By Laura Haight
A world of smart devices, all interconnected, saving us time and money; adaptive intelligence adjusting to the human proclivity to defy pigeon-holing patterns. This is the technology promise of the Internet of Things.
Then there are these things: Wi-fi connected toilets that you can remotely flush, video door bells so you can see whose at the door no matter where you are, garage doors you can control and now, the iKettle.
Some smart devices are useful and provide support, safety and convenience for busy families. Others may be fun, like programmable light kits. Still others are just plain silly. But smart or silly, they all have one thing in common: they are a very loosely secured door into your home network and all the other devices connected to it, such as your computers, smartphone, and tablets.
A case in point: The iKettle. The iKettle has a smartphone app for both iOS and Android that let's you not only turn the kettle on and off, but also to select from your phone the exact temperature you want your water to be. I guess if you're a tea drinker, different teas need different temperatures. The device connects to your home network and, it has been revealed, is easily hackable.
Given the market for an iKettle, it's not surprising that the vulnerability of the device was discovered by penetration testers in London. It was painfully easy to do and, if you're into this kind of thing, you can watch a video on how it was hacked.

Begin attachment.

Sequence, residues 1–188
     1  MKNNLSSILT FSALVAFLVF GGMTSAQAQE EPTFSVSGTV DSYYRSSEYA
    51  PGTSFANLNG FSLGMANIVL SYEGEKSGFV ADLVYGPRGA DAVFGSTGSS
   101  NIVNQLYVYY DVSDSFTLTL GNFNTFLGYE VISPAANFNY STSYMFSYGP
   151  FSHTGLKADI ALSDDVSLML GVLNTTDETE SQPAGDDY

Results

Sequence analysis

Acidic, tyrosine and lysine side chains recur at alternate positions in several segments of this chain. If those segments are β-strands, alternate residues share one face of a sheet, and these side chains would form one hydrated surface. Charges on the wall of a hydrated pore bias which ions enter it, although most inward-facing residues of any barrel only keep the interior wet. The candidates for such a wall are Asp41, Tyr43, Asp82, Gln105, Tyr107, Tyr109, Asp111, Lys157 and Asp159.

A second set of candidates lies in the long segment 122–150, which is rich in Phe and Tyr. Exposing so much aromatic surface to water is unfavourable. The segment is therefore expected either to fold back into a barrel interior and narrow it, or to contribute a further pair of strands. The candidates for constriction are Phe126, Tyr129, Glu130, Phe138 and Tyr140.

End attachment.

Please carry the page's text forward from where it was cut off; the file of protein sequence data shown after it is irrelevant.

The bottom line for most of us is that once they took control of the iKettle, they had an easy conduit into the Wi-Fi network and a quick bit of code revealed in plain text the network password. The tools to accomplish this were easy - a mobile antenna, a Wi-Fi hotspot with the same ID name (called a SSID) and a laptop. A big plus was that the smartphone software either didn't have allow the owner to change the administration password, or the owners of the scores of iKettles they hacked into didn't bother to change it.
So other than choosing coffee over tea, what's the lesson?
1. Put security first in choosing smart devices for your home. Ask about security, passwords, administrative control.
2. Always change the administrative password for any devices and on your network. Leaving the default password is like going to work in the morning and leaving your front door wide open. Very few people actually take the time to touch their routers once they are set up, so default passwords are often the norm, not the exception. Did you forget yours? Don't worry, there's a website where you or any hacker-in-training can find the default passwords for nearly any model.
3. By default all routers broadcast the SSID. It's a convenience function that increases your chance of being hacked considerably. Hackers can't crack what they can't see. Turn off the broadcast function. That means you'll never see your network in a list of available wireless networks, so write down your network name and keep it in a safe place.
If you want a smart home, you have to become a smart owner.